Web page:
The rates of asthma-related emergency room visits and hospitalizations dropped in many Connecticut communities, the latest data from the state Department of Public Health show. Overall, 58 percent of communities saw a decrease in the age-adjusted rate of emergency room visits, while 63 percent saw a decrease in the rate of hospitalizations for asthma, according to a C-HIT analysis of the data. Some 36 percent saw improvement in both areas. The data compares age-adjusted rates for each town for 2005-2009 and for 2010-2014 per 10,000 people. Meanwhile, the state’s overall rate for emergency room visits in 2014 was lower than recent years but still was higher than it was 10 years ago.
Four nurses, all of them affiliated with a Derby pain clinic, were responsible for nearly all of the state’s 2014 Medicare spending on the powerful opioid painkiller Subsys, which is at the center of a kickback probe. New Medicare data for 2014 show the four nurses, all who worked at the Comprehensive Pain and Headache Treatment Center of Derby, were responsible for 279 claims for Subsys, at a cost of $2.3 million. The highest prescriber was Heather Alfonso, an advanced practice registered nurse (APRN) formerly employed by the clinic who is awaiting sentencing on charges she took kickbacks from Arizona-based Insys Therapeutics for dispensing Subsys to patients. The new data is the first indication that the propensity to prescribe Subsys extended beyond Alfonso, to other clinic staff. None of the other three nurses has been implicated in an ongoing federal probe of Insys’ marketing of Subsys that resulted in the criminal charges against Alfonso.
Connecticut hospitals reported fewer numbers of patients killed or seriously injured by falls or perforations during surgery or suffering from severe pressure ulcers in 2014 than in 2013, but the incidence of such “adverse events” still remains higher than in 2012, a new state report shows. The report by the Department of Public Health (DPH) shows that the total number of hospital adverse events, or errors, dropped by 12 percent — from 534 in 2013, to 471 last year. Deaths or serious injuries from falls declined from 90 to 78; perforations during surgical procedures fell from 79 to 70; and life-threatening medication errors fell from six to one. The number of patients with serious pressure ulcers dropped from 277 to 245. Rates of all four of those incidents had climbed in 2013, in part because of an expansion of required reporting on pressure sores to include “unstageable” ulcers.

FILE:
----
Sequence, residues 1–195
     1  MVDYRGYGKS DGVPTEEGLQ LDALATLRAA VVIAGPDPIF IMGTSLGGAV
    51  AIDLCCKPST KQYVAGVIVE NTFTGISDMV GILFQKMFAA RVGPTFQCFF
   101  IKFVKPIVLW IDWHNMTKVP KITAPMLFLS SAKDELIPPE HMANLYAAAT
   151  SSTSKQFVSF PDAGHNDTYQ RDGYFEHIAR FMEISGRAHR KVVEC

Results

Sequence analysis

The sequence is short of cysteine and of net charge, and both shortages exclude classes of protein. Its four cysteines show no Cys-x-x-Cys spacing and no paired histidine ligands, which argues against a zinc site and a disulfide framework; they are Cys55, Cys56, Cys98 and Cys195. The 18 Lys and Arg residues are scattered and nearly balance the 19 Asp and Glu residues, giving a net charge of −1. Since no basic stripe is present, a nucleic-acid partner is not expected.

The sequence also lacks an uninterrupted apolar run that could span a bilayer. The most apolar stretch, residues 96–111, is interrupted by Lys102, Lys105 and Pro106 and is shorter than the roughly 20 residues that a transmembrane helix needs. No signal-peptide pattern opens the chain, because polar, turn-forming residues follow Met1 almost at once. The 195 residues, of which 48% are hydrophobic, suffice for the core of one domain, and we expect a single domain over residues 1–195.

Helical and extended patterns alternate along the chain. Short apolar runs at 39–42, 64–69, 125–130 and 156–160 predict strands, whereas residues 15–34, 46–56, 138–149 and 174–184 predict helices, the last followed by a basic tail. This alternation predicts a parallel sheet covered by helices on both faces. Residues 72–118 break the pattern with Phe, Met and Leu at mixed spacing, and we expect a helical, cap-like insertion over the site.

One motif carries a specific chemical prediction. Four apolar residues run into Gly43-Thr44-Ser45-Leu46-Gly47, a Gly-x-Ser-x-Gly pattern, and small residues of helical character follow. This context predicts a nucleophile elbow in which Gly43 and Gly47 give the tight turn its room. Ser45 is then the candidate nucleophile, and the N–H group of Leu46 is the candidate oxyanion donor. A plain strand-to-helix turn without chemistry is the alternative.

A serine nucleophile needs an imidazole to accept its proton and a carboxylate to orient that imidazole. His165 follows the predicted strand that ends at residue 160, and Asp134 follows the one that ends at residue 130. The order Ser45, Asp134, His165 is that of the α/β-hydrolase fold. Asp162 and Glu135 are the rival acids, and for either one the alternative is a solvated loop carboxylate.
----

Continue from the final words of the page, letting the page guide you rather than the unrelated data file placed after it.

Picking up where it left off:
The medical director of a pain clinic in Derby was reprimanded and fined $7,500 on Tuesday by the state Medical Examining Board for writing prescriptions for patients based on assessments of their appearance or behavior conducted by unlicensed medical assistants. Dr. Mark Thimineur, medical director of the privately run Comprehensive Pain & Headache Treatment Centers, LLC, housed at Griffin Hospital, signed a consent order on June 1 agreeing to the punishment. In the order, he did not contest the findings by the board and the state Department of Public Health. The consent order states that from 2011 to the present, Thimineur failed to meet the standard of care when treating one or more patients for chronic pain. It said he wrote prescriptions for patients based on assessments by unlicensed medical assistants of the patients’ physical appearance, behavior, pain levels or lab test results.
Morbidly obese individuals who had weight loss surgery are seeking treatment for eating disorders years after their procedure, prompting concerns among some experts about the assessment process used to identify surgical candidates. “They are terrified of gaining the weight back,” said Dr. Sara Niego, medical director of the Eating Disorders Program at Hartford Hospital’s Institute of Living, who has treated patients with anorexia, bulimia and binge eating disorder years after weight loss surgery. The lack of a national “gold standard” to psychologically assess prospective patients has led Connecticut mental health professionals to call for standardized criteria to identify those who are at risk before and after surgery. They worry some patients with mental health problems may slip through the cracks because each hospital and insurance company has different psychological screening requirements. “Unfortunately, there is no consensus in the field regarding what constitutes a psychological evaluation or what would prohibit an individual from obtaining surgery from a psychological standpoint,” said Kimberly Daniels, a clinical psychologist with the Center for Weight Loss Surgery at Middlesex Hospital.